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Controls on the Production Performance of fip3 of the North West Hutton Field, UK North Sea

WOODBURY, RIONA (2020) Controls on the Production Performance of fip3 of the North West Hutton Field, UK North Sea. Masters thesis, Durham University.

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The North West Hutton Field was discovered in 1975 and is located in Block 211/27 in the East Shetland Basin, Northern North Sea around 80 miles NE of Shetland. It is a large oil field in the Brent Group, covering an area of 13440 acres and has a history of complex and variable well performance, significantly worse than the adjacent up dip Hutton field, despite both having the same Brent Group paralic sandstone reservoirs. North West Hutton was reported to contain 1157 mmBBL oil in place in 1983 and reserves were estimated at 273 mmBBL. It had initially high flow rates which rapidly declined, along with pressure. A water injection programme was implemented, despite this the recovery factor was only around 10%. This study focuses on fip3, otherwise known as the Eastern Sector of North West Hutton, where 12 production wells have been drilled, 3 of which were converted to water injection wells.
The study aims to determine controls on both instantaneous well rate and overall ultimate recovery per well in terms of reservoir architecture, reservoir quality and faulting in fip3. The study used a combination of wireline log and core data coupled with oil production, water production and water injection data on a per-well basis to evaluate field performance.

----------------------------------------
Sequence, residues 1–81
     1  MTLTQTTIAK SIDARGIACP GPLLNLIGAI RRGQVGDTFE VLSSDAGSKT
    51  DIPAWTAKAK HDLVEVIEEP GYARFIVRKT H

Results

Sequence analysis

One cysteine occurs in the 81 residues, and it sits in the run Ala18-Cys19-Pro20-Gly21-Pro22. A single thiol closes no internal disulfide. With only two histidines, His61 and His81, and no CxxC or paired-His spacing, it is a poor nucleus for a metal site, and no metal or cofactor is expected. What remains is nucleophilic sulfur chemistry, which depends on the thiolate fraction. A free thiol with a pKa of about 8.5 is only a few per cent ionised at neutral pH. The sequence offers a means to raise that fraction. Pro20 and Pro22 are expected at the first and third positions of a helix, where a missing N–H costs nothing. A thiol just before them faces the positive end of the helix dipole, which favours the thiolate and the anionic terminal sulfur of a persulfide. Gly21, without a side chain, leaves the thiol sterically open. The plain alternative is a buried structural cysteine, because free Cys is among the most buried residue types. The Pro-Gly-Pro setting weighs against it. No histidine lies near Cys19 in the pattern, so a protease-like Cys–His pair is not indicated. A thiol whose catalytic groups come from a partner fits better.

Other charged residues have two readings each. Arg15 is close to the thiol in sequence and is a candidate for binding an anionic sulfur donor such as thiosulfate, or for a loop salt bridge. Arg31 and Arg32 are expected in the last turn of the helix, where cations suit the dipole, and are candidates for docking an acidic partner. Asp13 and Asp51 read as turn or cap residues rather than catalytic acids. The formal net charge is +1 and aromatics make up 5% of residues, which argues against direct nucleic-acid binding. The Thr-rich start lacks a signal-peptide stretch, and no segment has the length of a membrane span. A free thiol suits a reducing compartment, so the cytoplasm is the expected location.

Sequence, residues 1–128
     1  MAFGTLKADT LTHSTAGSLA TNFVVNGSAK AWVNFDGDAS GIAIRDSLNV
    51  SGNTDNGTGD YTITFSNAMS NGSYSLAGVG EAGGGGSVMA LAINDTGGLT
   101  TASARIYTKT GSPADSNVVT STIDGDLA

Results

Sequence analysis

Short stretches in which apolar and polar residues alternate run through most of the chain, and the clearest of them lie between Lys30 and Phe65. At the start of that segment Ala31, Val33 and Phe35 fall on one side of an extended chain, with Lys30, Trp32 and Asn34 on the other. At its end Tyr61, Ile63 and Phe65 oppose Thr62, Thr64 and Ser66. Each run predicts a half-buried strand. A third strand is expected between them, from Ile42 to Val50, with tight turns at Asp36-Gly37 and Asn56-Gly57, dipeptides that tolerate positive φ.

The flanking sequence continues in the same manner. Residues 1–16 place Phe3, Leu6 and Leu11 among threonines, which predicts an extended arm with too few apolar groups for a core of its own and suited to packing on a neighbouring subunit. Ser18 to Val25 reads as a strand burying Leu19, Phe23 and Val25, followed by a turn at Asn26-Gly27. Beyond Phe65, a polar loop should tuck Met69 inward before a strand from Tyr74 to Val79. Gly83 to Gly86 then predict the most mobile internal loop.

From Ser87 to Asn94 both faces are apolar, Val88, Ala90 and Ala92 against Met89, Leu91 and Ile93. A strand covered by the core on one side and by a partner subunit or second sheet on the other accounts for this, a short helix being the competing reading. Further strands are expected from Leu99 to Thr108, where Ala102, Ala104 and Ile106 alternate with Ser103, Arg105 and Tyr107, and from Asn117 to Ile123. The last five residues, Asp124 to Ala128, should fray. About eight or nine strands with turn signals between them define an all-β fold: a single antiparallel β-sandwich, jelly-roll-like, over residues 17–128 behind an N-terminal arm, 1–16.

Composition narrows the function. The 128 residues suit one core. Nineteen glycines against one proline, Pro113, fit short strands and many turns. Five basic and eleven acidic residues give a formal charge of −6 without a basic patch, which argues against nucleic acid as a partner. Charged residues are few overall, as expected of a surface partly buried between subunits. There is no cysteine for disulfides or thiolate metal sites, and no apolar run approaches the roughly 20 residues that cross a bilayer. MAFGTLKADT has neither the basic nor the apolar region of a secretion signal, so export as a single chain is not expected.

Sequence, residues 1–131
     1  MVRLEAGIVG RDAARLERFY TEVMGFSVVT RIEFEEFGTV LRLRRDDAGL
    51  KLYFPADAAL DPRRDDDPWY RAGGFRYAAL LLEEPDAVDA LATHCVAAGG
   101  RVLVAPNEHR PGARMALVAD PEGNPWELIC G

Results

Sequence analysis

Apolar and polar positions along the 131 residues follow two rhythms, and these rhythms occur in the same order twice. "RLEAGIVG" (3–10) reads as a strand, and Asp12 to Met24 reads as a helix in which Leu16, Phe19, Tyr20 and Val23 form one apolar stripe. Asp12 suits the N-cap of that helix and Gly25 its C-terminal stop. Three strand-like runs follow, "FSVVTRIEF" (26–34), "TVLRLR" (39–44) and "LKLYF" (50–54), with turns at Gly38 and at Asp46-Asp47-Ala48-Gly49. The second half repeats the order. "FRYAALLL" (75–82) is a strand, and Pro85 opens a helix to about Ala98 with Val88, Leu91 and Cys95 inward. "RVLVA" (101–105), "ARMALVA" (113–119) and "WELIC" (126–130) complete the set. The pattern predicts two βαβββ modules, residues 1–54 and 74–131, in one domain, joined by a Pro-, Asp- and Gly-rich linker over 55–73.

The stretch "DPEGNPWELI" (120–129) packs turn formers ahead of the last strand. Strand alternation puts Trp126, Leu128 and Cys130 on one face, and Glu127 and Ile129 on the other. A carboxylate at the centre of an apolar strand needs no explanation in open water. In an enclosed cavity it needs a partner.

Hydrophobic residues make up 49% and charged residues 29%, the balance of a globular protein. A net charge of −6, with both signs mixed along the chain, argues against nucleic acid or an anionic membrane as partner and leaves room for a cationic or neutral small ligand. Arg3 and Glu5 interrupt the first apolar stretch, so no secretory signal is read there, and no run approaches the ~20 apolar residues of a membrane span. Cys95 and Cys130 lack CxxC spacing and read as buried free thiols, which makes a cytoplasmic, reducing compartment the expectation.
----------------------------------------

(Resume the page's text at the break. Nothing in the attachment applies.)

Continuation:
Laterally extensive and sheet like reservoir architecture such as the valley fill of the Etive Formation were indicated to have been flooded early on in the field’s production and the oil swept due to stratigraphic connectivity between wells. Water injection support was ineffective at sweeping sands above and below these. The rapid decline of oil rate was attributed to complex faulting, compartmentalisation and the highly permeable, but heterogenous, thin and poorly connected, fluvial channel sandbodies in the Ness Formation being quickly drained. This study has identified likely remaining oil in these sandbodies, particularly in compartmentalised areas, such as the west of fip3. There may be potential for redevelopment by focusing on these sandbodies in similarly compartmentalised reservoirs of a paralic nature which also suffered rapidly declining pressures. Existing reserves may be accessed using newer tried and tested technology which was not available or not applied in the original development. Tactics such as horizontal drilling or dramatically increasing the water oil ratio (WOR) should be addressed. Controls on the production performance of wells in fip3 were timing (earlier wells performed better due to higher pressures, oil not yet having been swept and had fewer operational issues that develop with time), rock quality (controlled by burial depth and facies), compartmentalisation and sandbody connectivity, pressure support, well spacing and operational issues. Many wells had poor well spacing in that they were drilled into existing flood fronts or too close to existing wells, restricting the expected ultimate recovery per producer. The study has indicated the potential for redevelopment in the south of fip3, where A14 previously had good performance and received good pressure support.

Item Type:Thesis (Masters)
Award:Master of Science
Keywords:Brent Group, Paralic delta, North West Hutton, production performance
Faculty and Department:Faculty of Science > Earth Sciences, Department of
Thesis Date:2020
Copyright:Copyright of this thesis is held by the author
Deposited On:09 Jun 2020 12:15

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